My Father Is at Very High Risk of Dying from This Virus
"My father is a recent cancer patient who just completed chemotherapy. Additionally, he has heart disease and diabetes. He’s only 70, but I’m concerned about him dying from this COVID-19 virus if he gets it. I don’t live with him, but I do help him out. What steps can I take to care for him properly during this pandemic?"
I agree that your father is at higher risk than the average 70-year-old, and that more extreme measures should be taken to prevent him from contracting the COVID-19 virus. He is more likely to have a poor outcome, should he get it. Here are the steps I would recommend to protect someone like him:
- Ask your father not to leave his residence.
- Ban all visitors from entering his home (if he is independent).
- Tell him not to open his door to anyone.
- Leave groceries at his doorstep.
- If possible, tell him to leave dry goods in the bags for two days before unpacking them.
- Ask him to thoroughly wash produce before eating.
- Speak to him via the phone, through the window, or on the computer using Zoom.
Humans carry and spread the virus, so if he stays in his residence with no face-to-face contact with others, his risk drops greatly.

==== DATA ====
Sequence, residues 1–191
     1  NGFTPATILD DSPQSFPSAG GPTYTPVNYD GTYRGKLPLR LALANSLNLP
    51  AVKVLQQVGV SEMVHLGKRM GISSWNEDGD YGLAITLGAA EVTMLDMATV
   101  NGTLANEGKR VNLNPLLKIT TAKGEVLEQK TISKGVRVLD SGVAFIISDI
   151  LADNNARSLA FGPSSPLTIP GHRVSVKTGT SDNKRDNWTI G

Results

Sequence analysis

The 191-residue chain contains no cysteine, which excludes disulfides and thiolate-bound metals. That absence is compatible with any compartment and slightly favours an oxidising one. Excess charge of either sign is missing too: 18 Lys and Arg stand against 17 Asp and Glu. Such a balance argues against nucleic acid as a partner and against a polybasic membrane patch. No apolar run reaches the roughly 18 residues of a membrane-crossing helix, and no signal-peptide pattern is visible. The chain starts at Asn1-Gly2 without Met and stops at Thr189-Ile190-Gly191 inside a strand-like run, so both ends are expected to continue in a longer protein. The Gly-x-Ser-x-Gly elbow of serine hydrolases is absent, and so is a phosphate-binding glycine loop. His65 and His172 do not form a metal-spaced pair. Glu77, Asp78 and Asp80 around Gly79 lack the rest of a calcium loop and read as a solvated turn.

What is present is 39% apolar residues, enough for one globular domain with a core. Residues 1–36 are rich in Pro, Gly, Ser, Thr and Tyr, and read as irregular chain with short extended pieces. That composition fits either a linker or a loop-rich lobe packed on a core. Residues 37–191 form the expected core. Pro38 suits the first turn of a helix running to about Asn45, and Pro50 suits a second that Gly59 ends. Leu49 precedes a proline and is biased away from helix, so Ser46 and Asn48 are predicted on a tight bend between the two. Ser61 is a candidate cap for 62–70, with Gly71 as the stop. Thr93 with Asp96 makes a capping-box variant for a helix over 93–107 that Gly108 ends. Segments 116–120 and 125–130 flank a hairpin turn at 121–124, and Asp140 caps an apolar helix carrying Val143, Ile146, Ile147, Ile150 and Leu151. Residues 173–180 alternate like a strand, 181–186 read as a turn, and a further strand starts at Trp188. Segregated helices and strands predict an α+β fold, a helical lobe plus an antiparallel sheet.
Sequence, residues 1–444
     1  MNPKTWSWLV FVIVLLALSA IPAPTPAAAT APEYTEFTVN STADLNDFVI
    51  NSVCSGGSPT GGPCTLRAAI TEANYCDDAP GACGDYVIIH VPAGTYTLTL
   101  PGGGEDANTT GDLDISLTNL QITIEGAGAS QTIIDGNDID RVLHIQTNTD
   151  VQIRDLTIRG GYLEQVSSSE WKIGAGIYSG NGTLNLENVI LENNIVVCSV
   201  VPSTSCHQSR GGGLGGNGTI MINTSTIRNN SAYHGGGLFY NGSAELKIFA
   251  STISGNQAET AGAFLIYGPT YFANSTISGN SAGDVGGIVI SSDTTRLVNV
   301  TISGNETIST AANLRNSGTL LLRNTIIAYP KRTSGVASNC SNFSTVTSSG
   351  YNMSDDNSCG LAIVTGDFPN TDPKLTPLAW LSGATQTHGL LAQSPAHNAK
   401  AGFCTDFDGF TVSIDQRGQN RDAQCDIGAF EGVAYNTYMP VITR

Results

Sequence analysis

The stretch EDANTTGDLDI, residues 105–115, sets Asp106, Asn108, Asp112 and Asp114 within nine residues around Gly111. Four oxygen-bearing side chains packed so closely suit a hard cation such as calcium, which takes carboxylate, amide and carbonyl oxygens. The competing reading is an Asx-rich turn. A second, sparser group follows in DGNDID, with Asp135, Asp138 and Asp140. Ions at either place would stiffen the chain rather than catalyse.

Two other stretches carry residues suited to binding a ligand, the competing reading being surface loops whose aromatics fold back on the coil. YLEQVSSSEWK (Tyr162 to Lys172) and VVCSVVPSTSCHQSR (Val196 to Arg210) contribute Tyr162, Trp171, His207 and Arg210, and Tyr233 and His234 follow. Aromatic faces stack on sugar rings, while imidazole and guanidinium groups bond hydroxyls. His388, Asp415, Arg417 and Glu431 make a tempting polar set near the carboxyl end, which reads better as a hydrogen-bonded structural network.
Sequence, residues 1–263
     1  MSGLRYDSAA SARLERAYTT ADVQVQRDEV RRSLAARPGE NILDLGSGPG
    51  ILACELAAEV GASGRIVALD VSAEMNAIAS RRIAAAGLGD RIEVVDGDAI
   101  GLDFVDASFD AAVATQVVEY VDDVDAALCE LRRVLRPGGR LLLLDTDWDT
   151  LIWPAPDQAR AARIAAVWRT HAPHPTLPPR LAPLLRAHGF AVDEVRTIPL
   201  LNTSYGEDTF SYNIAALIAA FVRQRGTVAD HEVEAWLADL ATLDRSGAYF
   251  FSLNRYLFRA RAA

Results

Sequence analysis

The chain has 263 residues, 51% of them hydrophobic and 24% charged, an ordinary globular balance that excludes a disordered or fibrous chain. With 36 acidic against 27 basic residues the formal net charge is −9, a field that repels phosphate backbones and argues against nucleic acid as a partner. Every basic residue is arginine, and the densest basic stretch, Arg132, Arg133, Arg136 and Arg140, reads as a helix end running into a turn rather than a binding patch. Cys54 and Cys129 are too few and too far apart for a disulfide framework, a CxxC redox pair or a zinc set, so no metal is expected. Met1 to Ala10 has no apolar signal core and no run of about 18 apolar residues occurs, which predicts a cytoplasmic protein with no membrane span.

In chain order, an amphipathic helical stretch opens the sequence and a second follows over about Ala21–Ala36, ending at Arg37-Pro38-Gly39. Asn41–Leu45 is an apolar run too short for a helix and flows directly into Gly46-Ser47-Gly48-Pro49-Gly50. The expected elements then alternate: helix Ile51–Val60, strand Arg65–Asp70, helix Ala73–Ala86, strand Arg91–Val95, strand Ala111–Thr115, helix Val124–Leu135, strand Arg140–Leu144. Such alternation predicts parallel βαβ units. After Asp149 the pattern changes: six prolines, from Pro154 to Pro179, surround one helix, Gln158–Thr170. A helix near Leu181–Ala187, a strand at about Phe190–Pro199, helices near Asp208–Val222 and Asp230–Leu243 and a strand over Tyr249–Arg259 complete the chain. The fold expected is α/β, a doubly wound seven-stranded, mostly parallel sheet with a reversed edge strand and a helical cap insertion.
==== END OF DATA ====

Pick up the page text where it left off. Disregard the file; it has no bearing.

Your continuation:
If you are your father’s caregiver and must enter his home to assist him, there are certain steps you should take to protect him in case you are a carrier of the virus:
- Limit your time in his residence as much as you can.
- Don’t come within six feet of your father unless it’s necessary.
- Wear a mask so that the spray from you talking is contained in the mask as much as possible.
- Place a mask and glasses on your father during your visit.
- Tell your father to wash his hands carefully with soap and water while singing the ABCs before eating or touching his face.
- Don’t visit your father if you notice you have lost your sense of smell and/or taste.
- Don’t visit your father if you have a fever, cough or shortness of breath.
You are wise to be thoughtful at a time like this and taking every necessary step to protect his health. I wish you well.
Family Caregiving Advice Column
Written by CEO, Mary Haynor, this newsletter is packed with useful tips, resources and practices that will make the lives of family caregivers easier.Learn More...
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